Laryngology and Voice : Laryngology Treatments

Laryngology Treatments


Voice therapy is a common means of treatment for individuals with hoarseness that may be related to improper vocal usage, over-use, and/or misuse of the vocal system. Voice therapy is typically curative in about 80% of cases of vocal fold nodules. And, therapy is critical in the remainder of cases to help prevent recurrence due to improper vocal usage.
Voice therapy is similar to physical therapy in that techniques are utilized to retrain muscle groups to produce the voice with less effort, strain, and in better alignment. Therapy frequently includes exercises that must be practiced to create a new automatic pattern of speaking. In some cases, voice therapy may be considered compensatory and not designed to cure a problem with the vocal folds but to prevent worsening and promote the best possible voice attainable considering the underlying condition of the vocal folds. This can happen in individuals that have undergone surgeries resulting in scarring that limits full vocal fold vibration or after radiation therapy for small vocal fold cancers.
There are usually 3 components to voice therapy: Education: The patient with a voice disorder will be explained the nature of their problem and how the way in which they use their voice contributes to it. This usually involves viewing and reviewing videostroboscopic images of their vocal folds in slow motion to better be able to see the impact of lesions or movement problems on natural vocal fold vibration. Vocal Hygiene: Patients typically learn specific ways in which they can best take care of their voice. This may include anti-reflux recommendations where reflux is felt to be contributing to their problem. Hydration is critical and patients are counseling to increase water intake and reduce substances like caffeine that increase dehydration. Patients also learn about other vocal behaviors that may adversely affect their voice like throat clearing, abnormally loud speaking, etc. Directed Vocal exercises: This aspect of therapy deals with individualized exercise programs developed for each patient to specifically address their needs. Programs are continually monitored during sessions and modified as needed.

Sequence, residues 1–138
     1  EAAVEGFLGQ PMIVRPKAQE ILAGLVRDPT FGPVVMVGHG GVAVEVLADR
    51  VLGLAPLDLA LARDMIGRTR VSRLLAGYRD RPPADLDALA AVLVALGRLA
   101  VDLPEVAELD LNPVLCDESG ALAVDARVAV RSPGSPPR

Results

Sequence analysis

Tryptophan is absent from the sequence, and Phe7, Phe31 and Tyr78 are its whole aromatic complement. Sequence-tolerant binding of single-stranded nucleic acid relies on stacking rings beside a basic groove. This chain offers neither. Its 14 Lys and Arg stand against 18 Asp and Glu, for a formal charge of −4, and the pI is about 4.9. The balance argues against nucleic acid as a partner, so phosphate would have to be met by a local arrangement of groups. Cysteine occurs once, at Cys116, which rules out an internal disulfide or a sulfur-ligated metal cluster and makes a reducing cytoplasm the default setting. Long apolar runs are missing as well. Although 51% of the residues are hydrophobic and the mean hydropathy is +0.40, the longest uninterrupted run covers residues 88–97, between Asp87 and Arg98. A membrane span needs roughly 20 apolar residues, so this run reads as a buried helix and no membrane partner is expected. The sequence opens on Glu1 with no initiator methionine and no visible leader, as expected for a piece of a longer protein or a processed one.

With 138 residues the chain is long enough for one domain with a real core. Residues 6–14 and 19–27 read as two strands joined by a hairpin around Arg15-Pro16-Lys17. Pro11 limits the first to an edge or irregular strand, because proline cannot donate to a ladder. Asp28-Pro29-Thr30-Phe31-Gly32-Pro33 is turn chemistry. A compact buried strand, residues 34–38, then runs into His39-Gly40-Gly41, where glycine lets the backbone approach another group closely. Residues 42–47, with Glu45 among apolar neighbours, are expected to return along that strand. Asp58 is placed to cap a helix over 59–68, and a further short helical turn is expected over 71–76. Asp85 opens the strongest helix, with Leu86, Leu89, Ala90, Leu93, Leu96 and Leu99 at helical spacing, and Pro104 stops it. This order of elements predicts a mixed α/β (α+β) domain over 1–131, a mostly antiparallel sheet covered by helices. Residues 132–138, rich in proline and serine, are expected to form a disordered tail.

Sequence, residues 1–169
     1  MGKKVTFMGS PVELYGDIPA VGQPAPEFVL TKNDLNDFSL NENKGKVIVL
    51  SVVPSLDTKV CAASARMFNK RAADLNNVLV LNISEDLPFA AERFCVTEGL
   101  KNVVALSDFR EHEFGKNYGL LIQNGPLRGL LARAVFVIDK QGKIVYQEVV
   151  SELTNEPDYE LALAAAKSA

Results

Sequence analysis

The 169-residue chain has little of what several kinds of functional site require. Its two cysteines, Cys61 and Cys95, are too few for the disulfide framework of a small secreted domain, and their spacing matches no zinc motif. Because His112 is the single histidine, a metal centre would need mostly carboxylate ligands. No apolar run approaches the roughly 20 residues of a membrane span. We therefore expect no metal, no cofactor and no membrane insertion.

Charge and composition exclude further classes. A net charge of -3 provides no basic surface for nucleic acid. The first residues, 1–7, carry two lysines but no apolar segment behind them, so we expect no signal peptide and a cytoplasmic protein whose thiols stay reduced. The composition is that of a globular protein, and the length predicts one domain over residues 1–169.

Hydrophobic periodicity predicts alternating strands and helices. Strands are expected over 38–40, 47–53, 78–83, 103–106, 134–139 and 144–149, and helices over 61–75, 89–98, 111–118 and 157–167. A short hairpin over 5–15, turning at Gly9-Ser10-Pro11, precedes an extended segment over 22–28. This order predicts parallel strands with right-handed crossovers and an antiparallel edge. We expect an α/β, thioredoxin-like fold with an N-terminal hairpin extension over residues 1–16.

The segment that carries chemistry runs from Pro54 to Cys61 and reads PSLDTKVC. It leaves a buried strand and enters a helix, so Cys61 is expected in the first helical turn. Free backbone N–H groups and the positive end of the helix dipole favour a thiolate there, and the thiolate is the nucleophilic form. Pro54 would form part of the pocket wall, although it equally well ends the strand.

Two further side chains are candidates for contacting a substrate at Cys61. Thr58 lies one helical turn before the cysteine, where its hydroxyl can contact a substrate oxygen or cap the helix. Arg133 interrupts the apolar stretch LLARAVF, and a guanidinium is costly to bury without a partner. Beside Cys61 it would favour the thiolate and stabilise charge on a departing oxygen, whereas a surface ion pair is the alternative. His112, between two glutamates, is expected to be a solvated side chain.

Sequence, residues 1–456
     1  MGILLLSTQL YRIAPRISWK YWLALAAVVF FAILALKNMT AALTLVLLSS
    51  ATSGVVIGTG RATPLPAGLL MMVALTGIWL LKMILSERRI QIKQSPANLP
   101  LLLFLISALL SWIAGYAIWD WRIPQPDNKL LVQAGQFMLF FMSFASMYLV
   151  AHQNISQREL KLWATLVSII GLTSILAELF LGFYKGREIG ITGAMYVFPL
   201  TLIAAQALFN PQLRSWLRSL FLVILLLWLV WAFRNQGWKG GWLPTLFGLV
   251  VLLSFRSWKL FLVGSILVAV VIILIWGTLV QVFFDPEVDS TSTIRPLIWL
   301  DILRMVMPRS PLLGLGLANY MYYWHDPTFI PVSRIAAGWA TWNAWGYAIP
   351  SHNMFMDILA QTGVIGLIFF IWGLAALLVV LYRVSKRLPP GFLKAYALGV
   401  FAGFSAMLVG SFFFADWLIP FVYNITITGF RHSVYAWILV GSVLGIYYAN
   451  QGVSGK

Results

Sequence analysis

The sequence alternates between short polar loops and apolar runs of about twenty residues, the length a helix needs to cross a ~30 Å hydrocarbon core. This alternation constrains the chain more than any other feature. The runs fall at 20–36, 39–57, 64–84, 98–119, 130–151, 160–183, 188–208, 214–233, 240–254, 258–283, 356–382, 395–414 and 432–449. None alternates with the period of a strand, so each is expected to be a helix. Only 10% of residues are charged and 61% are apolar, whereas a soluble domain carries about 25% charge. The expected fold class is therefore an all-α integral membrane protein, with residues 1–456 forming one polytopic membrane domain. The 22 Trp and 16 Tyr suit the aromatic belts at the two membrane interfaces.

The Botox Clinic within the Department of Otolaryngology at the University of Miami Miller School of Medicine is the oldest in the state of Florida and one of the busiest programs in the country. Botulinum toxin (Botox®) is a neurotoxin that has been used since the early 1980s for medicinal purposes. Small, controlled dosages of Botox are safely used to control muscle spasms in a variety of muscles throughout the human body.
Additionally, the Botox Clinic is also actively involved in the treatment of individuals with difficulty swallowing or dysphagia due to a specific type of muscle spasm affecting the upper sphincter that controls food entry into the esophagus. This treatment is usually coordinated with other specialized studies to delineate the nature of the spasm and potential benefits of treatment with botox.


Our team in the Department of Otolaryngology has been treating patients with vocal fold paralysis for the past decade with an in-office procedure that takes less than 15 minutes. Under local anesthetic, an inert filler material is injected through a fine needle to bulk up and push over the paralyzed vocal fold. This allows the mobile vocal fold to meet the paralyzed one more easily and with much less effort when speaking. Patient tolerance is good with only mild discomfort. Results are usually instantaneous and, depending on which material is injected, last anywhere from 2-3 months to 1 year. Over time, the material is generally reabsorbed, but many patients can experience longer lasting improvement.
Vocal surgery – OR procedures